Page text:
When most people think about lottery conspiracy theories, the first thing that usually comes to mind is the curse that purportedly plagues the big winners. Those who take home millions supposedly face tragic circumstances and personal and professional collapse, all because they happened to pick the right numbers in a game of chance. Much has been said about the people stepping forward to claim their prizes, but still there is suspicion about the game itself. Is the Powerball rigged? The far reaches of the Internet seem to think so, and they've got copious conspiracy theories on the subject.
A major scandal recently rocked the Multi-State Lottery Association, resulting in jail time for a former security director who allegedly fixed an Iowa game to win the $16.5 million jackpot. Edward Tipton allegedly used his position to his advantage, installing undetectable, self-destructing software to rig the numbers in his favor. A further investigation revealed that Tipton reportedly might have done the same thing in four other states. He was found guilty of tampering with lottery equipment and sentenced to 10 years in prison. Tipton denied that he had purchased the ticket.
Despite catching Tipton (and the fact that his conviction had to do with computer-generated numbers, not physical numbers on balls like the Powerball has), not everything is rosy for those playing the lotto. Due to the fact that the choice of numbers rose from 59 to 69 options, the odds of winning are now even worse. That might not matter if you buy into any of these conspiracy theories, however.
Bustle has reached out to Powerball officials for comment on the legitimacy of the game.
The Mafia Theory
Despite the name of the Illuminati Conspiracy Blog, its author does not believe the shadowy organization has a hand in controlling who wins the Powerball. They think that the mafia is rigging the Powerball, and question where past winners hail from, as well as their own supposed mob ties. Those who are designated as winners are supposedly paid in hush money up to $1 million for the mafia to claim the rest of the earnings and continue their opaque yet profitable enterprise. All the times in which nobody gets the correct number combination only show that the mafia is feeling particularly greedy, according to the blog.
Paying Off Debts
Another theory about those supposedly behind the lottery making a big profit has less to do with potential gangs and more to do with a legitimate enterprise — namely, the government. A popular theory about the Powerball is that the government is preventing a winner from stepping forward so that the prize money can balloon to a high enough amount to help the country pay off its massive debt via a special tax. Sure, the 30 percent flat tax is an impressive boon for the IRS, but it's certainly not going to solve the nation's $478 billion budget deficit in one fell swoop.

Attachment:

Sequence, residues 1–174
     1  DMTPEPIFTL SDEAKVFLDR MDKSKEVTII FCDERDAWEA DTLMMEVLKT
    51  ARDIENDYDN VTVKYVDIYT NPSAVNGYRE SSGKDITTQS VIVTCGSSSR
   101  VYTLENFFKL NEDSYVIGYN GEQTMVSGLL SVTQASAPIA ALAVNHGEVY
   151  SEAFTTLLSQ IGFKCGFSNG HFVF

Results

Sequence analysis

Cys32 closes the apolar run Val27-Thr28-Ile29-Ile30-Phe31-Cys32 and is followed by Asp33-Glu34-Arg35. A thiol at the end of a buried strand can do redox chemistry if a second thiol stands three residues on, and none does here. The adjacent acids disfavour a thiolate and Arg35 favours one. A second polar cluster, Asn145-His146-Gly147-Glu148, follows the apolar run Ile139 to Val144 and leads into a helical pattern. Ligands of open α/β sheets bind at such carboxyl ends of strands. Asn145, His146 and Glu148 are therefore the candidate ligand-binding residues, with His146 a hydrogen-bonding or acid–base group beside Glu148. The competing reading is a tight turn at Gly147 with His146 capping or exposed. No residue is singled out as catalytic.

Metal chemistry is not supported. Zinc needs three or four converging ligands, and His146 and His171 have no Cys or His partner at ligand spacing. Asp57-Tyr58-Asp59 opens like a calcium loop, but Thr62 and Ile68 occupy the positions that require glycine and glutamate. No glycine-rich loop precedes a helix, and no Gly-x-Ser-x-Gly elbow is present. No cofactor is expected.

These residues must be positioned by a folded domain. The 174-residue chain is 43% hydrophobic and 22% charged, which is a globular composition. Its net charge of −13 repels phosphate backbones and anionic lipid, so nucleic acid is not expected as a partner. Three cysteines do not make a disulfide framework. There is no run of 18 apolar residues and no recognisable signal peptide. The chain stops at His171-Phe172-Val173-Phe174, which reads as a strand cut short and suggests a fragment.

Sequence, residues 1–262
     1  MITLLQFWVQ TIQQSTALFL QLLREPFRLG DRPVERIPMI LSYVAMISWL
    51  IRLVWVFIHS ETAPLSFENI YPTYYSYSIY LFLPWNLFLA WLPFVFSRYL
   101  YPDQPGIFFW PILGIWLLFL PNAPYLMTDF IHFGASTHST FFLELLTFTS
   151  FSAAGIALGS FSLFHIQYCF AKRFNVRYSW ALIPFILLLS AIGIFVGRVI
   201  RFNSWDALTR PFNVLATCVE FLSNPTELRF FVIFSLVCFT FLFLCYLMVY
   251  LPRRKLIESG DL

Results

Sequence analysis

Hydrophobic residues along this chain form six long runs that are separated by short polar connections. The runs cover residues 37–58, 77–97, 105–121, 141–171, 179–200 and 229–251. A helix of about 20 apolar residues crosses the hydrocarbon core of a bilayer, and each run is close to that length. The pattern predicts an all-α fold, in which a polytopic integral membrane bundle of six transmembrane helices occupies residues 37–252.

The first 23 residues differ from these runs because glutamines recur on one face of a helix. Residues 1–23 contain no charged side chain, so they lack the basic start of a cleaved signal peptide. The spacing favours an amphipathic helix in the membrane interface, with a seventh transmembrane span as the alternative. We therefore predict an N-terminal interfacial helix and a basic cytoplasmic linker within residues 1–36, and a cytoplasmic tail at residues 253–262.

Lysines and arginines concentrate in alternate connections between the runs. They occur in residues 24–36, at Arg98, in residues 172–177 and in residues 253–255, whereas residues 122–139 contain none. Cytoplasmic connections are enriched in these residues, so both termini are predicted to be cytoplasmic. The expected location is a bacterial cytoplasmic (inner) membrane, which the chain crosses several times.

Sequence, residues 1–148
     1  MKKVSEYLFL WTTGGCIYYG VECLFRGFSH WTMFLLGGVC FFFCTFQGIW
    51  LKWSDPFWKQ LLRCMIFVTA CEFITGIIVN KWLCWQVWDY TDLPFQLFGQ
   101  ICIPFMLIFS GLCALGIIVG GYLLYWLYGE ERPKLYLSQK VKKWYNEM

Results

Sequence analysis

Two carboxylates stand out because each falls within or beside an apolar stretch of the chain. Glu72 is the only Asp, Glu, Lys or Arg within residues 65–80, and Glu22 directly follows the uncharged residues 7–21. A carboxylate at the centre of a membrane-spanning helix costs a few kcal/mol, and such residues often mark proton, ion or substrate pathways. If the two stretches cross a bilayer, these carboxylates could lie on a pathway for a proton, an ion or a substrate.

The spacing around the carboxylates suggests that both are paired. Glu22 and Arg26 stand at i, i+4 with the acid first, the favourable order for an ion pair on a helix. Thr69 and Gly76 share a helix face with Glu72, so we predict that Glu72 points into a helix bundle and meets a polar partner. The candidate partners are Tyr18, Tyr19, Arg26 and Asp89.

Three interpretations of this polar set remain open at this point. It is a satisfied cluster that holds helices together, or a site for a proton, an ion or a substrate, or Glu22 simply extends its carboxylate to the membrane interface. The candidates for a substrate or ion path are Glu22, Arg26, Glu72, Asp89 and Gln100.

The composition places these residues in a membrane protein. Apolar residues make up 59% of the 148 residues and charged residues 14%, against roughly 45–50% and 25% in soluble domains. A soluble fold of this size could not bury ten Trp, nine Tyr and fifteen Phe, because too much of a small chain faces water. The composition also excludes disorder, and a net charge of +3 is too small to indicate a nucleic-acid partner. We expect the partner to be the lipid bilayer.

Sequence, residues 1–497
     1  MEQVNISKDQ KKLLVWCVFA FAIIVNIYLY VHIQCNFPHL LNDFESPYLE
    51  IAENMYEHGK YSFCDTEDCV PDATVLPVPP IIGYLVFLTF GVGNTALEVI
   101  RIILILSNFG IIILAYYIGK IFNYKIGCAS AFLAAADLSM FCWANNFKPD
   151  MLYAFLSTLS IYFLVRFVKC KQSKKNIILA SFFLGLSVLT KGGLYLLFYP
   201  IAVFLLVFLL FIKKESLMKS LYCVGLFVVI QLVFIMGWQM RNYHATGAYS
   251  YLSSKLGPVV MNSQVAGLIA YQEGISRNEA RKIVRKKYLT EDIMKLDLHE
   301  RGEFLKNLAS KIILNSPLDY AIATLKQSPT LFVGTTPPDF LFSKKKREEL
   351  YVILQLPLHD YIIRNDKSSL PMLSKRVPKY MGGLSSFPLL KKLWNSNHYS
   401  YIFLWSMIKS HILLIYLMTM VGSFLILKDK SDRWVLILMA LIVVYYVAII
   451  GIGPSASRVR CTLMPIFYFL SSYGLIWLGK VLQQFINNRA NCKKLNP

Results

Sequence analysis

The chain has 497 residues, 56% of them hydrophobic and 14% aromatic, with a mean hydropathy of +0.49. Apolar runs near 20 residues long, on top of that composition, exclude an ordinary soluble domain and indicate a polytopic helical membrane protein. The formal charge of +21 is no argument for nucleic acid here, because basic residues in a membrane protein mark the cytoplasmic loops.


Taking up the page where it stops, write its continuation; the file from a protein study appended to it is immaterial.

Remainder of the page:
The Illuminati Theory
There's not a whole lot of thought behind the Illuminati conspiracy. It states simply that either the Illuminati is controlling the Powerball, or that once you win, you're contractually obligated to join them. No one can quite say why either way.
Going with the budget deficit theory, this one states that the Powerball frenzy is supposedly being used as a way to jump-start the economy as a whole, via to the massive amount of people forking over $2 for a single ticket. It slightly overlooks the taxes that the government will take out of the winnings, and instead focuses on the mass popularity of the game itself. The amount of tickets being purchased certainly isn't hurting the country, it seems.
Marked From The Start
Evan Redmon doesn't think you should even waste your time buying a Powerball ticket, because he thinks that the winners are chosen beforehand — hence the strange demographics of those who take home major prizes. It's unclear why the lotto powers that be pick the winners that they do, but Redmon is incredibly suspicious about what he perceives as a primarily Caucasian group of winners.
It's All An Act
This theory about the Powerball suggests that the game is more than just rigged — it's an absolute joke, akin to the 2000 John Travolta comedy Lucky Numbers. An anonymous contributor suggests that the premise that the drawing is a live, televised event is the first indication that it might not be real, and that paid actors are hired to claim the jackpot prize when the correct sequence of numbers does in fact hit. It's unclear where this money goes to afterward, or just why the alleged actors would be participating.